29 Mar 2007 00:57:34 -0400

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Bison Parser negate production rules royzlife@gmail.com (2007-03-23) |

Re: Bison Parser negate production rules gneuner2@comcast.net (George Neuner) (2007-03-26) |

Re: Bison Parser negate production rules cfc@shell01.TheWorld.com (Chris F Clark) (2007-03-26) |

Re: Bison Parser negate production rules mco333@sympatico.ca (mco333) (2007-03-27) |

Re: Bison Parser negate production rules gneuner2@comcast.net (George Neuner) (2007-03-27) |

Re: Bison Parser negate production rules cfc@shell01.TheWorld.com (Chris F Clark) (2007-03-29) |

Re: Bison Parser negate production rules Meyer-Eltz@t-online.de (Detlef Meyer-Eltz) (2007-03-29) |

Re: Bison Parser negate production rules gneuner2@comcast.net (George Neuner) (2007-03-29) |

Re: Bison Parser negate production rules cfc@shell01.TheWorld.com (Chris F Clark) (2007-04-02) |

From: | Chris F Clark <cfc@shell01.TheWorld.com> |

Newsgroups: | comp.compilers |

Date: | 29 Mar 2007 00:57:34 -0400 |

Organization: | The World Public Access UNIX, Brookline, MA |

References: | 07-03-084 07-03-090 07-03-094 07-03-097 |

Keywords: | parse, theory |

Posted-Date: | 29 Mar 2007 00:57:34 EDT |

George Neuner <gneuner2@comcast.net> writes:

*> On 26 Mar 2007 14:26:17 -0400, Chris F Clark*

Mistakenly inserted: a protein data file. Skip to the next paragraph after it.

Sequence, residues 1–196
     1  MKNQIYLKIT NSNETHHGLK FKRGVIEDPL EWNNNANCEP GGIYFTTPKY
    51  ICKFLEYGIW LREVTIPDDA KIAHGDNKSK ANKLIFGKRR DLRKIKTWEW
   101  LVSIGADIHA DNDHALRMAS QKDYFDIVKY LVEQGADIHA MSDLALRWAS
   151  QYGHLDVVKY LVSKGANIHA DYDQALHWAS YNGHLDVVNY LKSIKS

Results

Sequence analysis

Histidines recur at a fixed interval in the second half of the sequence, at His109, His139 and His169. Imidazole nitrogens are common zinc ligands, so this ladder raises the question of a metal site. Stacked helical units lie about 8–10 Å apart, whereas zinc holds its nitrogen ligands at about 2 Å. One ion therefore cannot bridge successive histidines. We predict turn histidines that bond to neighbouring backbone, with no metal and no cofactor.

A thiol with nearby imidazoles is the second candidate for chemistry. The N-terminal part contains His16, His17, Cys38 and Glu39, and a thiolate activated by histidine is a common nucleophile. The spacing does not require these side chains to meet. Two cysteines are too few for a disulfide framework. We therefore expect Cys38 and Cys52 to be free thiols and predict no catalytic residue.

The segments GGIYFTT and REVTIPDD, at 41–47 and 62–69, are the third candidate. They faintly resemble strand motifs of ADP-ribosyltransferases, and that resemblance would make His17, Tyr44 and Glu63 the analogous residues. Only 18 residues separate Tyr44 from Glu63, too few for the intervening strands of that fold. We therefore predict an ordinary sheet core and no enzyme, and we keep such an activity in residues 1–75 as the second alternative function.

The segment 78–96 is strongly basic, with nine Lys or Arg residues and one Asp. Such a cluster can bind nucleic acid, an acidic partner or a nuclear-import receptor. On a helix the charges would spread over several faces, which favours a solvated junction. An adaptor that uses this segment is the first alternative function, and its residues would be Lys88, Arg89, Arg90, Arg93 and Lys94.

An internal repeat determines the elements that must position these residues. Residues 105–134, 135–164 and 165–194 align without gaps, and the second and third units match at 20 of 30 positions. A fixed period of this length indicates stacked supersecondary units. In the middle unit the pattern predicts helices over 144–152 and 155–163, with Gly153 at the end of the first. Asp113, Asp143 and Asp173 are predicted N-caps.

*> <cfc@shell01.TheWorld.com> wrote:*

*>*

*>>Now, the "modern" parsing methodologies like GLR, PEGs, and predicated*

*>>grammars are closed under complement, so if you use a technique like*

*>>that, you can add a NOT rule and still create a parser.*

*>*

*> I'd appreciate some references.*

Try this link found on google:

http://research.microsoft.com/conferences/pldi06/presentations/rats_pldi06.pdf

If you are looking for tools that support the various methodologies:

For GLR, look into ADF+SDF and DMS Toolkit

For PEG, look into RATS

For predicated parsers, look at ANTLR, Yacc++, GrammarForge (aka Meta-S)

*> It seems to me that the complement of a rule can't be concretely*

*> defined without limiting the universe to those token strings which*

*> would be legal in the language defined by the complete set of rules.*

Yes, all closures are aginst Sigma* (sigma being the vocbulary).

*> It also seems that with such limitation, the complemented rule should*

*> be parsable using the same model given sufficient lookahead. That is,*

*> the restriction means the complement subset is just the language minus*

*> the subset which is the rule.*

Yes, but there is no complement, intersect, or difference operator in

BNF. Thus, there is no way to say "minus" in a context-free grammar.

Moreover, it can be proven, that you is no algorithm that can

construct the complement of an arbitrary context-free grammar. So,

although you can do "minus" is some simple cases, you can't do it

generally.

However, the technique you just described is the essential way one

specifies the solution in predicated grammars (or PEG), although some

notations offer direct operators (e.g. we do in Yacc++) to make the

expression more terse. And, this gets to the heart of the question

that started this thread. In a predicated (or PEG) grammar, one can